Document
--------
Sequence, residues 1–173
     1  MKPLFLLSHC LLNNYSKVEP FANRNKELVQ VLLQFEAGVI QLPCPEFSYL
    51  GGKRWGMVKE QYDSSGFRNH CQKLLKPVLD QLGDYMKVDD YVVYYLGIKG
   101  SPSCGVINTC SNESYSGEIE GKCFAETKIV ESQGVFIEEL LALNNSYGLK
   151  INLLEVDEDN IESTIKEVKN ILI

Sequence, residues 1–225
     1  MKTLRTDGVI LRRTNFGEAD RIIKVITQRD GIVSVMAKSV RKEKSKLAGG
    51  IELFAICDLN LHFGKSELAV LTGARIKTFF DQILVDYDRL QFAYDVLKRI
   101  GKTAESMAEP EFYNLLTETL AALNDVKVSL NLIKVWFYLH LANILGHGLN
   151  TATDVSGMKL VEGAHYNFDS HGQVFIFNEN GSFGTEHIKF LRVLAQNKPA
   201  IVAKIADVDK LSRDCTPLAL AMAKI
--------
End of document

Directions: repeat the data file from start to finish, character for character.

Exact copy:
Sequence, residues 1–173
     1  MKPLFLLSHC LLNNYSKVEP FANRNKELVQ VLLQFEAGVI QLPCPEFSYL
    51  GGKRWGMVKE QYDSSGFRNH CQKLLKPVLD QLGDYMKVDD YVVYYLGIKG
   101  SPSCGVINTC SNESYSGEIE GKCFAETKIV ESQGVFIEEL LALNNSYGLK
   151  INLLEVDEDN IESTIKEVKN ILI

Sequence, residues 1–225
     1  MKTLRTDGVI LRRTNFGEAD RIIKVITQRD GIVSVMAKSV RKEKSKLAGG
    51  IELFAICDLN LHFGKSELAV LTGARIKTFF DQILVDYDRL QFAYDVLKRI
   101  GKTAESMAEP EFYNLLTETL AALNDVKVSL NLIKVWFYLH LANILGHGLN
   151  TATDVSGMKL VEGAHYNFDS HGQVFIFNEN GSFGTEHIKF LRVLAQNKPA
   201  IVAKIADVDK LSRDCTPLAL AMAKI